By Founder and President Kurt Lieber
If you’re like me, you’re pretty tired of all the political divisiveness that’s running through our lives on a daily basis. Right now, it is really stressful just trying to have a conversation with someone who is on the opposite side of just about any topic that means something to you.
Polarization like we’ve never seen before?
It’s been the same between environmentalists and the fishing industry for decades. It all came to a heated point in California around 2008, when the State held public meetings about establishing Marine Protected Areas (MPAs) up and down our coast.
I attended many of those public meetings, and can tell you from firsthand experience, those meetings were tumultuous, to put it mildly…
California wanted to establish certain areas of our state waters to be free of fishing, in order to allow fish populations to rebound from decades of overfishing. Scientists who studied the effects that already-established MPAs had had in other parts of the world wanted to see 30% of our coastlines set aside as either “no-take” or limited take areas. The fishermen wanted no more than 10%, or less.
No-take means that no animals could be taken out of the area, whether by commercial or recreational fishermen. Limited take, would allow for specific species to be taken (lobsters or rockfish, for example) but all others to be left alone.
The state tasked the California Department of Fish and Game to set up a commission with the unenviable task of listening to both points of view – fishermen and conservationists – on what would be acceptable to both parties.
What I heard repeatedly from the fishing community was that there was no proof that MPAs were beneficial to the fishermen nor the animals that lived there. Obviously common sense held no sway over that argument.
In 2011, the Fish and Game Commission established that 16% of California’s coastal waters were to be set aside as MPAs: 9% as no-take zones and the other 7% allowing for partial take. While not even close to the 30% the scientists had recommended, at least it was a start.
Two new reports validate the value of MPAs
Over the last couple of weeks, two scientific studies were released that definitively state the importance that protected areas are having for the fish as well as the fishermen.
One study, just completed by UC Santa Barbara, looked at the biomass of lobsters taken out of two MPAs near Santa Barbara and what was taken out of adjacent areas that were not protected. They found a 225% increase in lobsters that were caught in the areas just outside the MPA’s. 225%!!!
You can see from this picture that the fishing community knows all about the positive effects that closing an area to fishing can have.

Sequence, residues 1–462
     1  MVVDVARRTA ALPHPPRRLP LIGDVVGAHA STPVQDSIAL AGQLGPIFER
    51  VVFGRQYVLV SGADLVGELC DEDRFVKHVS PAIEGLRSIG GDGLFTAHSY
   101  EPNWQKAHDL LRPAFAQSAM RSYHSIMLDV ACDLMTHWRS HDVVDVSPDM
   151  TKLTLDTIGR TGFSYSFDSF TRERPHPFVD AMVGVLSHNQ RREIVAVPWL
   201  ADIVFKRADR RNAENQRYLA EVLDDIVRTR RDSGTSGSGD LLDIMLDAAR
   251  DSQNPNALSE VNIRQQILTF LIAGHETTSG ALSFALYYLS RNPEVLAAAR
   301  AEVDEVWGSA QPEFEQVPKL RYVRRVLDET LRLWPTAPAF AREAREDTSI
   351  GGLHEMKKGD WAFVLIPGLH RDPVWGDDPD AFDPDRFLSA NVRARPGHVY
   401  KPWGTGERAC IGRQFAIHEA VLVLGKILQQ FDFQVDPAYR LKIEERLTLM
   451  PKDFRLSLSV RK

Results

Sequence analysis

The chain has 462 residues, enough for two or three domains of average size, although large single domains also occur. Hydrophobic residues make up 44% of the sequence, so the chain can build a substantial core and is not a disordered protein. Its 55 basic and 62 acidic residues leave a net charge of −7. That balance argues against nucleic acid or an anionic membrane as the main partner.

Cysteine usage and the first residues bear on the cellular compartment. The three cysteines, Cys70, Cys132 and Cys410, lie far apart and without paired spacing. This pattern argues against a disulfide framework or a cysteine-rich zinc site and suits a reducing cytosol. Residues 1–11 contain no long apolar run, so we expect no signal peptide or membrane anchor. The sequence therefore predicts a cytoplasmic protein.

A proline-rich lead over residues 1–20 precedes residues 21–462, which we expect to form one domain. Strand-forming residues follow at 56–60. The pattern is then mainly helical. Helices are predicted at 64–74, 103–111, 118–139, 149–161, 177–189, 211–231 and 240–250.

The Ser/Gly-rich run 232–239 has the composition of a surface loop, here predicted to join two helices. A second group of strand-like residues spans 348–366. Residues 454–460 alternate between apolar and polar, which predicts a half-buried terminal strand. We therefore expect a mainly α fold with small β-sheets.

This is the north border to Laguna Beach’s MPA. The protected area is to the right side of all those traps, and the left side is not protected. It’s what’s known as “fishing the line.”
Here's a photo from the air, looking down at a line of traps.
The study looked at a timeline of six years before the MPA’s were established, and six years afterwards. This gives a nice historic window to look at what happened over the 12-year study period. So, despite having 35% of their fishing grounds taken away from them (based on the size of the MPA), the result was a 225% increase in lobsters being caught.
Another study that was just released looked at what happens when fewer traps are set. Does the targeted species (lobster or crab) population increase? Decrease? Stay the same? What does their health look like?
This report looked specifically at the issue of what effect the density of traps set has on the animals. What they found was that where traps were set in high density the fishermen caught 19% less crabs and 35% less lobsters than in areas where there were lower densities of traps set. In addition to that the animals were 7% lighter in the high density trap sets than in the lower density areas.
The Results are Clear
So, the conclusion is that less traps equals heavier animals AND more of them. This means that by reducing the number of traps set, the fishermen don’t have to put in as much effort and money to catch more lobsters and crabs. This saves time, fuel, and wear and tear on their boats.
While all this revolves around the money-making aspect of fishing, let’s not forget the positive effect all this has on the ecosystem as a whole. After all, it’s not just humans who eat these lobster and crabs, there are other animals that feed on them that benefit, too. Seals, octopus, otters, sharks, eels, and other fish all eat these critters at some point in their lives.
We now have irrefutable proof that MPAs work as intended and reducing the number of traps can result in higher yields for the fishermen.
Anybody up for increasing California’s MPAs to 30%? Say AYE!
Here are links to the two reports: